Tuesday, August 31, 2010

For my mom: what I mean when I get all feminist about "boy" stuff and "girl" stuff and why it isn't all biological and why it is societal and cultural and socialization

Longest post title ever.

So my friend Real OC Mom posted about her favorite kids' gift today - a really cool looking doodle book that comes with some slight instructions to the doodler - sort of a graphic fill-in-the-blank, if you will.

But here I go getting' all political and feminist like again - why do there need to be two versions - a boys' book and a girls' book?

Is it really that bad to be a bit gendered? No.  Do I buy cute pink dresses and frilly things for my little girl, yes.  But I don't like the gendering of imagination, which is what these books do. 

Boys get to design scary shields for a couple of knights and girls get to shower the diva in flowers?  Boys get to invent a robot, depict an alien invasion, problem solve a boy's escape from an alligator, draw their hero, design a spaceship, and finish a castle.  Girls get to draw the best bouquet, give the fish a fabulous home, populate the penguin colony, create a perfect party cake, draw each dog a designer outfit, give mademoiselle big hair, show where the fairies are hiding, show what Gran has knitted now, fill a pond with lilies, and design some henna tattoos (just lost my mom as a buyer, right there).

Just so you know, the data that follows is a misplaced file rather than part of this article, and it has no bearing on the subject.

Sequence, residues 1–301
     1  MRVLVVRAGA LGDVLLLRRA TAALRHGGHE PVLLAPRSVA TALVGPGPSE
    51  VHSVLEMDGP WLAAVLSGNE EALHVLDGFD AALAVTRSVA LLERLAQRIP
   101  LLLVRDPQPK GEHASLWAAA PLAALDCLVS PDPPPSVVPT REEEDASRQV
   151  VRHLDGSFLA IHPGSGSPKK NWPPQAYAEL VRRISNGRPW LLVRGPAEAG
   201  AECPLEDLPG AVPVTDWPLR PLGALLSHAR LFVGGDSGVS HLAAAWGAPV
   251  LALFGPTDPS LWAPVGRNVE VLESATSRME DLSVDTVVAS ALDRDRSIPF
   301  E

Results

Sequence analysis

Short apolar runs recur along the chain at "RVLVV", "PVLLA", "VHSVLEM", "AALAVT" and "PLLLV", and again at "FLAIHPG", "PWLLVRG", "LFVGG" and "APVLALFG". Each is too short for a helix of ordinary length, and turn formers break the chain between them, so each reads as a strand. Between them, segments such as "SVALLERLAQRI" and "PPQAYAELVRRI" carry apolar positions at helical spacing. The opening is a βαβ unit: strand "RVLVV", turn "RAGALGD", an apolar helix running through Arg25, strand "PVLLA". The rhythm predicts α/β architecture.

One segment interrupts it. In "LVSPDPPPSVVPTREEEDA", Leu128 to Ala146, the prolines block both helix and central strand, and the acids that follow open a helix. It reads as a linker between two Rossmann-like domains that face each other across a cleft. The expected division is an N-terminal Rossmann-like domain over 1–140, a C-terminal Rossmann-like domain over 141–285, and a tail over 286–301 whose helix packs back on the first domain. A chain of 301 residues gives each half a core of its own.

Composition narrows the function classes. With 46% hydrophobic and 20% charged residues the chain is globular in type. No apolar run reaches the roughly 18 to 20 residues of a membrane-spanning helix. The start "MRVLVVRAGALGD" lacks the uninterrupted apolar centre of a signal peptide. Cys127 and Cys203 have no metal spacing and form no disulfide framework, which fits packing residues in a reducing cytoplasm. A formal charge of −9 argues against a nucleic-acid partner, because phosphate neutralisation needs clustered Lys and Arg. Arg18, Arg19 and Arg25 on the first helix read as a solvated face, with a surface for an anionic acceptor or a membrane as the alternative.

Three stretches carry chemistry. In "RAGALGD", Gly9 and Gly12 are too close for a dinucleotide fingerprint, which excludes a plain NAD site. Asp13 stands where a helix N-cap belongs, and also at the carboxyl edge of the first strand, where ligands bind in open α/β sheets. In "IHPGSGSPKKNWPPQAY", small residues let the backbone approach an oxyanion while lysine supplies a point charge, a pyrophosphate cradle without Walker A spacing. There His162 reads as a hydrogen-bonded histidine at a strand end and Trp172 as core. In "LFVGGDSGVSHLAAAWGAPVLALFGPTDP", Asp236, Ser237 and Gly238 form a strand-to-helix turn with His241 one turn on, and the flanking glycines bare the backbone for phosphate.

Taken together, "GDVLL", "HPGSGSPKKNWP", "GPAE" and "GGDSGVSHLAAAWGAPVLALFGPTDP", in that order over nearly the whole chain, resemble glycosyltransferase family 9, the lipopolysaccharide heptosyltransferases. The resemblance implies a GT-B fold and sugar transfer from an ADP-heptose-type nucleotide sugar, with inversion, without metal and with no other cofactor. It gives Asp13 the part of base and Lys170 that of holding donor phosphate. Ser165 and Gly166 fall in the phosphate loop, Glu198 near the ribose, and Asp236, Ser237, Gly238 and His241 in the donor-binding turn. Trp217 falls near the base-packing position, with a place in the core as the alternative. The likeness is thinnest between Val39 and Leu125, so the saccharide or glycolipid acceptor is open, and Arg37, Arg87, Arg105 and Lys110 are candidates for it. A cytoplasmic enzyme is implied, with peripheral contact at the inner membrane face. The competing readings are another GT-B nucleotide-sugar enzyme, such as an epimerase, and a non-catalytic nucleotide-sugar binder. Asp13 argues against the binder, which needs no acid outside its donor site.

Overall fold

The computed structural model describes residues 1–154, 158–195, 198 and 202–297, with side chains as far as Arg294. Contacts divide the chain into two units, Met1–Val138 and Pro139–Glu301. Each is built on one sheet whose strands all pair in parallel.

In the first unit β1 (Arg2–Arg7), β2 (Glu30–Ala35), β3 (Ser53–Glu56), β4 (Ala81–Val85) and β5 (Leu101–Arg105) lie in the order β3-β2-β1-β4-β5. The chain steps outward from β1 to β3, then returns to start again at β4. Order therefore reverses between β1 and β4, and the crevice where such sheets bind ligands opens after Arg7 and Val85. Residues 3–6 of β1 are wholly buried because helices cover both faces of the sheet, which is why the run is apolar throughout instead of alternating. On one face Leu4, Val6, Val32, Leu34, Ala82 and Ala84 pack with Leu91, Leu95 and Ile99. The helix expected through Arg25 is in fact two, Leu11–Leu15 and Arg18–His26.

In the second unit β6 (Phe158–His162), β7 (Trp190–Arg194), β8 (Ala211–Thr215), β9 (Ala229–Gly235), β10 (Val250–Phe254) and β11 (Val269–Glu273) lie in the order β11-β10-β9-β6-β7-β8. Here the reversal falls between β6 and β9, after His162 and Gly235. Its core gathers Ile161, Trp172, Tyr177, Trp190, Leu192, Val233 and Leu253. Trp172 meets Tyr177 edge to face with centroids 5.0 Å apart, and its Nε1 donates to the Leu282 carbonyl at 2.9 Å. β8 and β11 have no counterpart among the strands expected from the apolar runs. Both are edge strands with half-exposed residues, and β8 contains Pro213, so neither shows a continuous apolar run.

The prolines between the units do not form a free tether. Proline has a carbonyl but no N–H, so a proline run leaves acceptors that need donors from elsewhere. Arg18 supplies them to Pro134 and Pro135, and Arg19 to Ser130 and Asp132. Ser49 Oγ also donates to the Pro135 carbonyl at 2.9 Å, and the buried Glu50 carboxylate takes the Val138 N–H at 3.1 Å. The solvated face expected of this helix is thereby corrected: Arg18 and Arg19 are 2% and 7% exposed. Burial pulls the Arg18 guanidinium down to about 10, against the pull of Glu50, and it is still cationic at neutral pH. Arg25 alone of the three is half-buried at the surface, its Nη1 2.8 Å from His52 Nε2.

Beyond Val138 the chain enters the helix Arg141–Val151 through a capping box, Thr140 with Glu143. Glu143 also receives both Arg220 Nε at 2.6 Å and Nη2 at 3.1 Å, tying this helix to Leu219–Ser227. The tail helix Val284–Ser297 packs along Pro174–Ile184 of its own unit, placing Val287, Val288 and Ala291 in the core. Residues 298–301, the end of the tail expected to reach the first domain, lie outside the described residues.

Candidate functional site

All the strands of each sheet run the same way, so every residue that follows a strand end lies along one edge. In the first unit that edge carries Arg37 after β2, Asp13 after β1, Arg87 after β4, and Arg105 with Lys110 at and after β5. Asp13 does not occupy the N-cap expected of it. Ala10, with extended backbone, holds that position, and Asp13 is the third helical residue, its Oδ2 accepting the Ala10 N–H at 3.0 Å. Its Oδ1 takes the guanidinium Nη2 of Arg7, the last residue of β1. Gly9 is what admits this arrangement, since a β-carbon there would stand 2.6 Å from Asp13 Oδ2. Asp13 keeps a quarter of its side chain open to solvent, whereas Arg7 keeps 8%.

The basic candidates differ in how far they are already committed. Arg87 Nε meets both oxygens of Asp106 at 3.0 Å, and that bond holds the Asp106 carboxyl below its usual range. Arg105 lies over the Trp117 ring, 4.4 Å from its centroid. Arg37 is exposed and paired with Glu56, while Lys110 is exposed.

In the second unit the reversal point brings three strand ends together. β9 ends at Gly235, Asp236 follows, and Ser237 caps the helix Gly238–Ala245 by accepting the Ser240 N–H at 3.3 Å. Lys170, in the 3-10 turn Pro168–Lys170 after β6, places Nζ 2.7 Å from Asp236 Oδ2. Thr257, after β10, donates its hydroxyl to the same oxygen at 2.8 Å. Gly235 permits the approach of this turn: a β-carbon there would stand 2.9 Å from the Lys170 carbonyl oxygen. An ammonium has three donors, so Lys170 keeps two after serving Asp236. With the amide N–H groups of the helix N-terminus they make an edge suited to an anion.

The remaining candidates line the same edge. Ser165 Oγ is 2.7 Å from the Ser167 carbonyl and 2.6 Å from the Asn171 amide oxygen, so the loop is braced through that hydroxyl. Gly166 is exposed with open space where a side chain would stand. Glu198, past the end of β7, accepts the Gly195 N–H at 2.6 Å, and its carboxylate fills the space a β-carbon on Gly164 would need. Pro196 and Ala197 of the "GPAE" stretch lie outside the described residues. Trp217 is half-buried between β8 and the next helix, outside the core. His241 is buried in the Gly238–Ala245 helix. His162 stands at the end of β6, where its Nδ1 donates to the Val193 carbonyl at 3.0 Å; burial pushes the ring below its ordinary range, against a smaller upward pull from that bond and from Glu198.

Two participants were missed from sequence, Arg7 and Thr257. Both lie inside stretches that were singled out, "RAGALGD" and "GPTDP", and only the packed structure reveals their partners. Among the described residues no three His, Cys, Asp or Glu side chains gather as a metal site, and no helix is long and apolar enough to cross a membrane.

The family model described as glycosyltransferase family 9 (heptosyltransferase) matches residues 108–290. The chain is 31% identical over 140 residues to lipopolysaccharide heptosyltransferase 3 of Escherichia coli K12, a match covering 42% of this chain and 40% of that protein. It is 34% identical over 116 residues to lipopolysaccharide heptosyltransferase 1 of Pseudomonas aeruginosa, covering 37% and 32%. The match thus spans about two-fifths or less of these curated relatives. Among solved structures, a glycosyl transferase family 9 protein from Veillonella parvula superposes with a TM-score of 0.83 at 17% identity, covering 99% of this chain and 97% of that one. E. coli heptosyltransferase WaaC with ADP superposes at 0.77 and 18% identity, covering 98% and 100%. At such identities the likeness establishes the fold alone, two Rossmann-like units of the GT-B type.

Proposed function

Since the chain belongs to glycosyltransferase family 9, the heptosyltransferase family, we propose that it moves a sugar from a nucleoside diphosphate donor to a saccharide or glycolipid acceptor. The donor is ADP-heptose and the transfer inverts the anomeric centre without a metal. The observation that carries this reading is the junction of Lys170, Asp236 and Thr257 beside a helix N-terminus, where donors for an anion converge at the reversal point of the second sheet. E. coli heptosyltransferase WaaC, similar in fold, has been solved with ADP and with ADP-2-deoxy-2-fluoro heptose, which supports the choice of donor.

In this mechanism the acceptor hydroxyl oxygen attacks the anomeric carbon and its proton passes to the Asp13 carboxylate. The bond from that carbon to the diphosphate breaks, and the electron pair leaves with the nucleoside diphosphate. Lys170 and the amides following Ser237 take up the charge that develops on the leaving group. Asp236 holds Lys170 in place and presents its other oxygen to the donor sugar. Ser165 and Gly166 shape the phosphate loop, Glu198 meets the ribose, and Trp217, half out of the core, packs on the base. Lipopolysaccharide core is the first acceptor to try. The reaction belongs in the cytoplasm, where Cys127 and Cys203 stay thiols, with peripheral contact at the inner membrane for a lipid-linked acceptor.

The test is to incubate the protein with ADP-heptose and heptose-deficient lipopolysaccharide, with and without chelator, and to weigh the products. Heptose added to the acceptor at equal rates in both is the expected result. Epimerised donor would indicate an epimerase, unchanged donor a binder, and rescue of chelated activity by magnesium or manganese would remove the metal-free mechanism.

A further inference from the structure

What does this quietly tell our kids?

Boys are engineers - they get people away from alligators, build spaceships and robots, they solve problems, they intimidate, are powerful, are warriors, have heros, and are architects.

Girls like flowers, interior design, fashion, and baby penguins.

Is this bad?  No.  Is it okay to like flowers, interior design, fashion, and baby penguins, of course!  But what about a little boy who loves the beauty of flowers or the click of knitting needles? And what about the girl who stargazes and would love to build a spaceship?  Can either child doodle in the other book, yes, of course.  Might that child wonder whether it's okay to work on a BOY book if she's a girl or a GIRL book if she's a boy? Probably because that's just how we're socialized.

I would love to buy both and inflict some serious copyright infringement by cutting them up and photocopying a complete child version.  Because maybe the child who doodles in that book will come up with the best flower-populated oxygen farm on the eventual spacestation and be prepared with scary shields when the robot alients invade while still being able to show appreciation for interstelllar opera singers.


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